Emerson Contemporary’s current exhibition explores issues of identity through the work of 10 emerging artists, curated by 14 Emerson students in Leonie Bradbury’s Curating Contemporary Art course.
I: An Intimate Reflection, on view at the Media Art Gallery through Sunday, December 12, presents a space to consider subjective differences in intersectional identities, as well as ways to explore how implicit biases may be challenged. It includes a wide range of media, including photography, steel sculpture, acrylic painting, digital video, and hand-sewn mixed media.
Emerson Contemporary issued a public call for Boston-area emerging artists, and selected 10:
Semaj Campbell’s photographic series challenges preconceived notions of Blackness with striking stills reminiscent of Neoclassical paintings.
Willoughby Lucas Hastings’ mixed media piece, “Do you know what posh means?” critiques the mistreatment of workers in the service industry and assumptions about them.
Asma Khoshmehr’s augmented reality and photography series, Act 6, explores the impact of child and forced marriage of women in Tanzania, aiming to expose harmful stereotypes that depict women as subhuman.
Billy Lyons’ “Weather Advisory” depicts his struggles with mental health and depression in a vibrant acrylic on canvas painting reminiscent of ‘90s hip-hop and graffiti.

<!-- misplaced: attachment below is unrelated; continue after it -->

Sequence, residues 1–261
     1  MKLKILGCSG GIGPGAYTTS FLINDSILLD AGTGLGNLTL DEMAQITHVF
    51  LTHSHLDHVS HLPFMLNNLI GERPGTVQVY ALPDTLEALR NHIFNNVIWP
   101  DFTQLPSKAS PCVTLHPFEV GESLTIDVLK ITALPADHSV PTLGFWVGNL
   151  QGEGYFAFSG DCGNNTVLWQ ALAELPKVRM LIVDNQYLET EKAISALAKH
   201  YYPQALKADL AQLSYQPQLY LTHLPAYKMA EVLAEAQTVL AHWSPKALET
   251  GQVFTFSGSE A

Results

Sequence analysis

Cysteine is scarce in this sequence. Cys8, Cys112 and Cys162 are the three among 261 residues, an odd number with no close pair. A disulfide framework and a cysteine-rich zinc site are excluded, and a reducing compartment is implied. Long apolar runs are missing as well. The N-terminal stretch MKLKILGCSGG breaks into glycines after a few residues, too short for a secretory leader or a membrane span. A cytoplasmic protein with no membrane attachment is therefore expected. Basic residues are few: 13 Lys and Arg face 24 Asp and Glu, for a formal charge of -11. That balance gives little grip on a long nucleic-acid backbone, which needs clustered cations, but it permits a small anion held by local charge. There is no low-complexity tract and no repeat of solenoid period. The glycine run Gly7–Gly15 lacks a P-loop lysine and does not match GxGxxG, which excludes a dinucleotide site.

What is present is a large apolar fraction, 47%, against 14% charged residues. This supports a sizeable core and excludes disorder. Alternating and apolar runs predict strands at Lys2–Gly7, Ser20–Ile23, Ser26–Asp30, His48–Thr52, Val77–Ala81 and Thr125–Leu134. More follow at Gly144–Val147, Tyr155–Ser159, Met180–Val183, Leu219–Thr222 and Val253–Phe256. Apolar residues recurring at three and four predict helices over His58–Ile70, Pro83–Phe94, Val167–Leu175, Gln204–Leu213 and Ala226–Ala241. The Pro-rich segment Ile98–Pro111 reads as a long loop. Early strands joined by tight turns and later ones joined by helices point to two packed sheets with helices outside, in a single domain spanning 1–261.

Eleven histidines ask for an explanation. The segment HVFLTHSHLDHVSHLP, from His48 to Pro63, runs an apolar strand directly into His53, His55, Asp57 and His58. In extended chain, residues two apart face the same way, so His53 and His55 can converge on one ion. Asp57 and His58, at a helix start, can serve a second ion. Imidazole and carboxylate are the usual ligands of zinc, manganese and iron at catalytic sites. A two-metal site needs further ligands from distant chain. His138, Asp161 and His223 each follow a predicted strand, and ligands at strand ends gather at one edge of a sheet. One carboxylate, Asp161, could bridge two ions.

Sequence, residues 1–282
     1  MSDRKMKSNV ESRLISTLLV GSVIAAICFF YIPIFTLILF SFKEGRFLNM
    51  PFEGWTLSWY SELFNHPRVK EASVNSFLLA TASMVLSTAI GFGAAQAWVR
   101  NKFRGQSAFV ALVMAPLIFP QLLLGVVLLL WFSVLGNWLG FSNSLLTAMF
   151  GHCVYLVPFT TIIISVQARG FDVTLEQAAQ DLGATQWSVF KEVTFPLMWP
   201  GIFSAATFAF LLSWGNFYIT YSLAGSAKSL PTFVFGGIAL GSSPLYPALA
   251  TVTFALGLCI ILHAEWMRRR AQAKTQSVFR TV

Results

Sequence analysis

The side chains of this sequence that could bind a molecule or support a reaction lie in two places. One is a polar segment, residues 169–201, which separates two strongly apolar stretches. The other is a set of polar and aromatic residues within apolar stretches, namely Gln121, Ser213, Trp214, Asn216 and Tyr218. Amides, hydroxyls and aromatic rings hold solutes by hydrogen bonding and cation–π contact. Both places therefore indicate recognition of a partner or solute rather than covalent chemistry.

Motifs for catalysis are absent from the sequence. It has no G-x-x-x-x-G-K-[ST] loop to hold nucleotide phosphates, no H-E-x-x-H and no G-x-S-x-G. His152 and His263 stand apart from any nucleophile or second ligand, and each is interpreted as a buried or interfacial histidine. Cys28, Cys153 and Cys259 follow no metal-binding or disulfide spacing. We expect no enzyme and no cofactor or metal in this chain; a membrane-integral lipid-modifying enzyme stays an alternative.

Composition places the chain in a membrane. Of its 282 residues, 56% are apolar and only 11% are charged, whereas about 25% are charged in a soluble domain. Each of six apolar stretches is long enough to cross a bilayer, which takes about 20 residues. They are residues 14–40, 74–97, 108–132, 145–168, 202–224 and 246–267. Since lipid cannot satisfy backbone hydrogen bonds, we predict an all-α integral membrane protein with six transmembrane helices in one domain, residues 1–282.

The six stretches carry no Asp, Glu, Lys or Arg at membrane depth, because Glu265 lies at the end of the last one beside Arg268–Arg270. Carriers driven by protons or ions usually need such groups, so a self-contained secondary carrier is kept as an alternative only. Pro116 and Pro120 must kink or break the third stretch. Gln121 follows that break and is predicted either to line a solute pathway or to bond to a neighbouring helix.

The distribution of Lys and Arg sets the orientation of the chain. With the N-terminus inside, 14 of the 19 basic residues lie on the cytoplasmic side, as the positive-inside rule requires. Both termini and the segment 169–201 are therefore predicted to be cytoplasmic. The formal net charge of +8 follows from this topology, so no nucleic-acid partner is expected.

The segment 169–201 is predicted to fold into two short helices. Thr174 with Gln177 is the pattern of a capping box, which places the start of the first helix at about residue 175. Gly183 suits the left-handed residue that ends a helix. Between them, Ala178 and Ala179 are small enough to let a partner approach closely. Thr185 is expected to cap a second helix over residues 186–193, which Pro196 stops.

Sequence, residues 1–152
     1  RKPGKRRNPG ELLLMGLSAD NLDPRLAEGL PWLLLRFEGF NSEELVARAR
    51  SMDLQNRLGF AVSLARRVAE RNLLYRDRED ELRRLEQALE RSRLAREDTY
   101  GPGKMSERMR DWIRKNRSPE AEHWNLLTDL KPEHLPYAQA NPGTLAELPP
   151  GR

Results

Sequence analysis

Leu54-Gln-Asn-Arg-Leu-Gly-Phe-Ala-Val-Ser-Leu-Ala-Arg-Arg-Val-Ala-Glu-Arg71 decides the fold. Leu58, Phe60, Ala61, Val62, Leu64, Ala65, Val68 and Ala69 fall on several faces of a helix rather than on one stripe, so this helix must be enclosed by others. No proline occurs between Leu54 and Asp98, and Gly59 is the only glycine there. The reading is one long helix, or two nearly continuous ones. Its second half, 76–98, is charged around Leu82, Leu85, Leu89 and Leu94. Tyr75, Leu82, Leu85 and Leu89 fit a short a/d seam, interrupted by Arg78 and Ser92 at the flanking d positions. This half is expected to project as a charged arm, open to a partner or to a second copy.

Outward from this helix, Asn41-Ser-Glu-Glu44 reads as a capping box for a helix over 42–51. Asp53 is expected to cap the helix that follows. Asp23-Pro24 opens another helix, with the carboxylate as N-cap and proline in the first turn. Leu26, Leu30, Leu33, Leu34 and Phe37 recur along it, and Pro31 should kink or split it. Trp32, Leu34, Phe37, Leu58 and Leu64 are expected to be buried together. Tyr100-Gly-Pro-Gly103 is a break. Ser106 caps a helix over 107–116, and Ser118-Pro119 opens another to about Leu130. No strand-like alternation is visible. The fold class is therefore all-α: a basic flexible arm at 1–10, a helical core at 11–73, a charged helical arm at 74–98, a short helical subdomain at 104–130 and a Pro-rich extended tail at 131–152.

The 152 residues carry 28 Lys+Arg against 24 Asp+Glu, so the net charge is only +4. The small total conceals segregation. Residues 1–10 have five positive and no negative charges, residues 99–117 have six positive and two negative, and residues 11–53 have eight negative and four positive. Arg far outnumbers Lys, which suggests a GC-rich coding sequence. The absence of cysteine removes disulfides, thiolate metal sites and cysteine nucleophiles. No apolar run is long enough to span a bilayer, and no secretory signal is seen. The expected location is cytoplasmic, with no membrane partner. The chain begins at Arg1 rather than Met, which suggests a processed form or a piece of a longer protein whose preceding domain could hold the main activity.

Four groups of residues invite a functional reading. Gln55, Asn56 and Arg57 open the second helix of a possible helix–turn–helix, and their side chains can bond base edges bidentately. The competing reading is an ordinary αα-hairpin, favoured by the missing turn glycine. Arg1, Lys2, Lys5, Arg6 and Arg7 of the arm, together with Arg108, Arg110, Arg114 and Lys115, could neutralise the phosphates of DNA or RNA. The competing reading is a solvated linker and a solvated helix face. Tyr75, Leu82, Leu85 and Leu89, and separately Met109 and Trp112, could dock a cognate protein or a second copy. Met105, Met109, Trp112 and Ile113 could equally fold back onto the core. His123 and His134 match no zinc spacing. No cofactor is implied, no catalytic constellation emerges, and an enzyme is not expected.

Emily Manning-Mingle pairs rigid and fluid lines to communication with viewers in an intensely personal way.
Bridget Mara-Williams, a third-generation foundry person, exaggerates the size and scale of traditionally feminine products in her steel and aluminum works “You Don’t Want a Haircut” and “Check for Dirt Under Nails.”
Elizabeth (Liz) Rennie’s “Could We Ever” and “All Behind Me” explore the feelings of displacement and otherness by highlighting both the connection and disconnection between mixed media objects.
Neetu Singhal blends neuroscience and spirituality in her silk screen paintings on canvas, “A Womb” and “Blue Dimensions.”
Stephanie Van Riet captures an intimate reflection of her relationship with her grandmother, who is suffering with memory loss, through her oil paintings “Disconnected I and II”.
Zhiqian Wang’s work acknowledges the tendency to characterize ourselves and each other in limited ways. In a digital video of her own installation, “Yellow,” she welcomes dismantling how we think about and see the world.
The student curators are responsible for all aspects of the exhibition, including exhibition design, building a website, loan agreements, checklists, educational materials, social media assets, and press materials.
Student curators are Hadly Breault, Cameron Carleton, Maxwell Gaan, Leah Heath, Isabella Kulukundis, Alyssa Raine Lara, Taina Millsap, Aidan O’Flaherty, Kresha Sewani, Daria Shulga, Paige Thomas, Henry Tyndall, Mariley Torres-Ojeda, and Madeline Wendricks.